University of Toronto Magazine University of Toronto Magazine
Cast members of The Rocky Horror Show in a dressing room preparing for a midnight performance at Hart House
Photo by Fernando Morales

After Hours

Campus life from dusk to dawn

“Pulling an all-nighter” is a quintessential university experience. But harried-looking students flipping through textbooks or staring bug-eyed at their computers at daybreak are only part of the story. U of T bustles with activity after dark. Tag along as we pull an all-nighter of our own (well, three actually), to explore the nooks and crannies of a campus that never sleeps.

10:52 p.m.
There aren’t any cheering crowds – just the fluorescent glow of the ice and the thrum of the Zamboni as captain Michael Georgas gears up his team to hit the ice at Varsity Arena.

This is how most intramural hockey is played at U of T: late at night with few spectators. Tonight, the engineering hockey team, the Skuleyard Bullies, is taking on U of T Scarborough. The game is played for fun, not glory.

“I love hockey,” says Damien Frost, a third-year engineering student and the Bullies’ right defenceman. “It’s great to play in an intramural setting because you know most of the people on your team. It’s like playing with your buddies.”

Georgas sends out his players to warm up with some passing and shooting drills. “Our players are from all different years,” he says. “It’s a way to get people together.”

Each year, about 8,500 students play intramural sports, participating in everything from triathlons to table tennis. While some of the teams play at a varsity level, there are divisions for all types and abilities – inner-tube water polo, for instance, for students who need help staying above the water-line.

Anne Richards, one of the nine sleepy-looking spectators in the stands, is here to see her son Mark skate for the engineers. “The teams only play five games in a semester, so if you miss one, you’ve missed a lot of the season,” she says. The late start time is fine with Richards: “It’s more convenient, actually,” she says, eyes on the ice. “This way, it doesn’t conflict with anything except sleep.”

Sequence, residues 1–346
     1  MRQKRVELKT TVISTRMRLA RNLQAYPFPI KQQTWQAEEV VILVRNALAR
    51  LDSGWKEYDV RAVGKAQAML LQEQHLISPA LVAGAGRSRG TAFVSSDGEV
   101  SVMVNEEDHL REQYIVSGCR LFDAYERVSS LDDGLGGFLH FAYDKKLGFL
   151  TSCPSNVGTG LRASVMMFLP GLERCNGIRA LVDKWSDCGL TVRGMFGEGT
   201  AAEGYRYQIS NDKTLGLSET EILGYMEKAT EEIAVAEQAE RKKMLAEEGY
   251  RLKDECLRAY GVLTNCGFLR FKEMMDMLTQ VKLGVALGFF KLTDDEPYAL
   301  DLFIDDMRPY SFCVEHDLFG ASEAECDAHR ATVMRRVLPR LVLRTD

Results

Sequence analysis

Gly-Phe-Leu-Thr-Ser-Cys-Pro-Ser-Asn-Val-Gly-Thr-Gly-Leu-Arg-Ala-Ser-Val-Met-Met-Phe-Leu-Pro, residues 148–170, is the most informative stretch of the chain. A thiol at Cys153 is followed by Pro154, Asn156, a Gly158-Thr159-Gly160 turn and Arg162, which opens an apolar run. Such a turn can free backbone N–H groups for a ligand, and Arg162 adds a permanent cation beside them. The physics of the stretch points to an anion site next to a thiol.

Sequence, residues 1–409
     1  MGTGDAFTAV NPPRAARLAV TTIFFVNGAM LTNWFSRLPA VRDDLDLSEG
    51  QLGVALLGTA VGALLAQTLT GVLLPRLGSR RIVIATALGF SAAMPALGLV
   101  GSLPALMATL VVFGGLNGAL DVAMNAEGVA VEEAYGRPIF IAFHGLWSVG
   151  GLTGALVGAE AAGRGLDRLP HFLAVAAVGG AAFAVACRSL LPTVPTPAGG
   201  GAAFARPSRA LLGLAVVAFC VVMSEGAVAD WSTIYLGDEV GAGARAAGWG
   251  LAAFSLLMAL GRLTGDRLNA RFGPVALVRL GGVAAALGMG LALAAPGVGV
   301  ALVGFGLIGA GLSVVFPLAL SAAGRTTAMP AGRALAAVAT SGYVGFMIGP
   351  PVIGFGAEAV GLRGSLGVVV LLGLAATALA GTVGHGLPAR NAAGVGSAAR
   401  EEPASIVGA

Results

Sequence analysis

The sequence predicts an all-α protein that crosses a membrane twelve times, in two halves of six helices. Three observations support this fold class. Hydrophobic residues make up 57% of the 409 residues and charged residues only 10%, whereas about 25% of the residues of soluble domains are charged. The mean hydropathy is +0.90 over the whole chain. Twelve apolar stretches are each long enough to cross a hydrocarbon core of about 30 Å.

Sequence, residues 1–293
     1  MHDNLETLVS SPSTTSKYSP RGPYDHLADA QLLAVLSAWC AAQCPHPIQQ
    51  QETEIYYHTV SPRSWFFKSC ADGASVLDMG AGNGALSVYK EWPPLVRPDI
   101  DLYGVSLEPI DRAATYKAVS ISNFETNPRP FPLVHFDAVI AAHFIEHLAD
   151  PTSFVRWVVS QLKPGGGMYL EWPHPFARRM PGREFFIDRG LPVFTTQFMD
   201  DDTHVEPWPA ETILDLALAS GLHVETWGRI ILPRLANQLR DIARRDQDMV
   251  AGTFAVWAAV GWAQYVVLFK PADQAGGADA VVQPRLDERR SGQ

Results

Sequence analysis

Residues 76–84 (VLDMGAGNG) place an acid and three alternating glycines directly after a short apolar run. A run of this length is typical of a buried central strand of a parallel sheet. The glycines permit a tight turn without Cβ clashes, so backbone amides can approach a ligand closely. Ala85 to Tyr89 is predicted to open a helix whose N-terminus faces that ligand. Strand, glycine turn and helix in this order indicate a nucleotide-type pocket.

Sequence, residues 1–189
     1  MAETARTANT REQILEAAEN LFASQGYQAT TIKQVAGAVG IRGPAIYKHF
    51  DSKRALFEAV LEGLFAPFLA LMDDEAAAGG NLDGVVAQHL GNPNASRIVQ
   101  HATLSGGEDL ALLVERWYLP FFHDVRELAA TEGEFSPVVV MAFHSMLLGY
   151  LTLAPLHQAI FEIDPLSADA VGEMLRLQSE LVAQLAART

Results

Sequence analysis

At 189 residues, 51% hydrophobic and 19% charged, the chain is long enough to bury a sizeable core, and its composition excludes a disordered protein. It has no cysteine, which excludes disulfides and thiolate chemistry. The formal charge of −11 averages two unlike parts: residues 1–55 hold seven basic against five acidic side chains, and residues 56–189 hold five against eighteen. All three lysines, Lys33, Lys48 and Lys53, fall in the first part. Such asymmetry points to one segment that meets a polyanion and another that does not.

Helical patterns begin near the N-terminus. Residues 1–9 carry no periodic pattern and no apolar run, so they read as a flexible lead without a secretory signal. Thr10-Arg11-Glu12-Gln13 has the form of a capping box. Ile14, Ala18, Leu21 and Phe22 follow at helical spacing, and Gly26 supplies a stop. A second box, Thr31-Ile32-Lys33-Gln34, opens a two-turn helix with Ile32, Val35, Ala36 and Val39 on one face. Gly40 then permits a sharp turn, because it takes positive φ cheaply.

11:44 p.m.
The Rocky Horror Show is a midnight kind of experience,” says Jenna Rocca, batting her fake eyelashes and adjusting her bowler hat. Rocca and her friend Bill Hulme have taken front-row seats at Hart House Theatre for UC Follies’ production of the cult classic, and they’ve dressed for the occasion. Rocca has chosen to wear a black bra as a shirt, and Hulme has smeared gold glitter on his bare chest. Rocca is what Rocky Horror veterans call a “virgin”: it’s her first time seeing a theatre production of the campy rock opera. “But I’ve seen it at least six times on video,” she says.

Rocky Horror
is the raunchy tale of a transvestite alien, Dr. Frank N. Furter, who seduces an innocent couple, Brad and Janet, at his secluded mansion.

While the Hart House Theatre crew are resetting the stage for the midnight premiere, cast members speak about rehearsing for the notorious musical.

“It’s like no show you’ve ever been in,” says Peter Jermyn, who plays Rocky, the doomed title character. Flesh-baring costumes heighten the racy vibe – Jermyn wears little more than a shiny jockstrap. Not surprisingly, rehearsals centred on getting the actors comfortable with the revealing outfits. “We had to become, um, familiar with each other,” says Claire Burns, who plays Columbia, one of Furter’s “assistants.”

The hard work has paid off: tonight’s show is one of four sold-out performances.

“It’s almost midnight!” gasps Burns, checking her watch. “All the crazies are going to come out!”

12:28 a.m.